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Autonomic Phenotypes in Chronic Fatigue Syndrome (CFS) Are Associated with Illness Severity: A Cluster Analysis

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Department of Hygiene, Epidemiology, Ergonomy and Postgraduate Education, Ludwik Rydygier Collegium Medicum in Bydgoszcz Nicolaus Copernicus University in Torun, M. Sklodowskiej-Curie 9, 85-094 Bydgoszcz, Poland
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Department of Child and Adolescent Psychiatry/Psychology, Erasmus MC University Medical Center, PO Box 2040 Rotterdam, The Netherlands
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Department of Human Physiology, Ludwik Rydygier Collegium Medicum in Bydgoszcz Nicolaus Copernicus University in Torun, Karłowicza 24, 85-092 Bydgoszcz, Poland
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Nuffield Department of Women’s & Reproductive Health, The Women Centre, University of Oxford, Oxford OX3 9DU, UK
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Institute of Microbiology and Virology, Riga Stradiņš University, LV-1067 Riga, Latvia
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Population Health Science Institute, The Medical School, Newcastle University, Framlington Place, Newcastle-upon-Tyne NE2 4HH, UK
*
Author to whom correspondence should be addressed.
J. Clin. Med. 2020, 9(8), 2531; https://doi.org/10.3390/jcm9082531
Received: 15 July 2020 / Revised: 3 August 2020 / Accepted: 4 August 2020 / Published: 5 August 2020
(This article belongs to the Section Epidemiology & Public Health)
In this study we set out to define the characteristics of autonomic subgroups of patients with Chronic Fatigue Syndrome (CFS). The study included 131 patients with CFS (Fukuda criteria). Participants completed the following screening symptom assessment tools: Chalder Fatigue Scale, Fatigue Impact Scale, Fatigue Severity Scale, Epworth Sleepiness Scales, the self-reported Composite Autonomic Symptom Scale. Autonomic parameters were measured at rest with a Task Force Monitor (CNS Systems) and arterial stiffness using an Arteriograph (TensioMed Kft.). Principal axis factor analysis yielded four factors: fatigue, subjective and objective autonomic dysfunction and arterial stiffness. Using cluster analyses, these factors were grouped in four autonomic profiles: 34% of patients had sympathetic symptoms with dysautonomia, 5% sympathetic alone, 21% parasympathetic and 40% had issues with sympathovagal balance. Those with a sympathetic-dysautonomia phenotype were associated with more severe disease, reported greater subjective autonomic symptoms with sympathetic over-modulation and had the lowest quality of life. The highest quality of life was observed in the balance subtype where subjects were the youngest, had lower levels of fatigue and the lowest values for arterial stiffness. Future studies will aim to design autonomic profile-specific treatment interventions to determine links between autonomic phenotypes CFS and a specific treatment. View Full-Text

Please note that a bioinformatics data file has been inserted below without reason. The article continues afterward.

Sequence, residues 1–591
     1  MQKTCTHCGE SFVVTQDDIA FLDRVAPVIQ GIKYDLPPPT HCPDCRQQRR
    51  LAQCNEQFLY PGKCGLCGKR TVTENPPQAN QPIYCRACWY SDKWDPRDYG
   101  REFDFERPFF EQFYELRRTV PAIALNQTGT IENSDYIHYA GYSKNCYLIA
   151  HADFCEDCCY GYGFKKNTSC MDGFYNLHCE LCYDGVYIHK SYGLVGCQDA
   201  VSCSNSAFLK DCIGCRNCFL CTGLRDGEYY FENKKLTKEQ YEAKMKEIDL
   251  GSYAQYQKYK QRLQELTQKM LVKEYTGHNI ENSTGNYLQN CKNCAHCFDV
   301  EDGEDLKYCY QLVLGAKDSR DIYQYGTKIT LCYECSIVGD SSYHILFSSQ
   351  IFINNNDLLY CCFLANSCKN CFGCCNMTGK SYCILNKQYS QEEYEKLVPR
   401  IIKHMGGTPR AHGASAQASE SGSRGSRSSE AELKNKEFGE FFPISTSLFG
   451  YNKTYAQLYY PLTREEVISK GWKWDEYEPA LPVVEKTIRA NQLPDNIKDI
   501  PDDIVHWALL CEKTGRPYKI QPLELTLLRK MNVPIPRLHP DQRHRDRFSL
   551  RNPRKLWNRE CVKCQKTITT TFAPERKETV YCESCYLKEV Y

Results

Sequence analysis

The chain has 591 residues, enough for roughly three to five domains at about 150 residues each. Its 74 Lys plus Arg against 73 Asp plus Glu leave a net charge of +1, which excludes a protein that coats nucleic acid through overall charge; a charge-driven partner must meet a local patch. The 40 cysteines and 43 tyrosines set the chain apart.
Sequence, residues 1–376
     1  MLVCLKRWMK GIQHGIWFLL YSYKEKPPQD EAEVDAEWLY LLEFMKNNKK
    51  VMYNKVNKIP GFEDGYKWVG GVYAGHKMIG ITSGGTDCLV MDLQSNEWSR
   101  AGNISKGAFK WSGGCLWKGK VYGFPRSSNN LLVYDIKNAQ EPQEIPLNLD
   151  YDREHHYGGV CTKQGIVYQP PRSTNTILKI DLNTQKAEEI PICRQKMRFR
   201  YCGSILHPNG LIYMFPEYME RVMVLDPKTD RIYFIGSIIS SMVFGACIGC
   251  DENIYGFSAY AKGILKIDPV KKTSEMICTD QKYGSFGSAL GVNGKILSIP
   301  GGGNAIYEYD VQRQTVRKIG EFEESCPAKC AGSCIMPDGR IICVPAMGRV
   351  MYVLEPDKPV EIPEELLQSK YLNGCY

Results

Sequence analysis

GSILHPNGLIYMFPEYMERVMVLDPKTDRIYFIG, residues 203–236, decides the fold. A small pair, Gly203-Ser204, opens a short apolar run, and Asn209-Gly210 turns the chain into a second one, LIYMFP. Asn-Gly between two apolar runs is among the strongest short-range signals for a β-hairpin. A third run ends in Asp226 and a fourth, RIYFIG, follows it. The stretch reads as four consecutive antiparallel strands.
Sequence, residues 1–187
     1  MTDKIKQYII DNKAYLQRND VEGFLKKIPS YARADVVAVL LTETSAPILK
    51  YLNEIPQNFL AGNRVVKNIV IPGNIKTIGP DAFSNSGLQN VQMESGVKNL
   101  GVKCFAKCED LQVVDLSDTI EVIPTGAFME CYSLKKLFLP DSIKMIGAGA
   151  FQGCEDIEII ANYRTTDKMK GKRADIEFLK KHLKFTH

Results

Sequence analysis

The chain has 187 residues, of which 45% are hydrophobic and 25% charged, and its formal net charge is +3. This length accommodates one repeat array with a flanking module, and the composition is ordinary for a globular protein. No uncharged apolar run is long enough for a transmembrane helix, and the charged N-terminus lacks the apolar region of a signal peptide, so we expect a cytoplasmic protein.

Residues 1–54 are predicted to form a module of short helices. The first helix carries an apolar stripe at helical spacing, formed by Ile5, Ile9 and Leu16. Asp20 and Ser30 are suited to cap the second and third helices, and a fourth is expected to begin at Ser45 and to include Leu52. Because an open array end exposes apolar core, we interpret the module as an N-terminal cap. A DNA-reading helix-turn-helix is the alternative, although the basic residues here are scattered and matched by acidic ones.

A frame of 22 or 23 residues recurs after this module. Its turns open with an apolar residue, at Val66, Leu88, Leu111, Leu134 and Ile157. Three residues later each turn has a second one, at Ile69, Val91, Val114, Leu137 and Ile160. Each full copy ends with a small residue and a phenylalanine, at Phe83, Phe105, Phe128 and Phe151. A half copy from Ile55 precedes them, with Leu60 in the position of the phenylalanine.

Keywords: autonomic; chronic fatigue; quality of life autonomic; chronic fatigue; quality of life
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Słomko, J.; Estévez-López, F.; Kujawski, S.; Zawadka-Kunikowska, M.; Tafil-Klawe, M.; Klawe, J.J.; Morten, K.J.; Szrajda, J.; Murovska, M.; Newton, J.L.; Zalewski, P., on behalf of the European Network on ME/CFS (EUROMENE); Autonomic Phenotypes in Chronic Fatigue Syndrome (CFS) Are Associated with Illness Severity: A Cluster Analysis. J. Clin. Med. 2020, 9, 2531.

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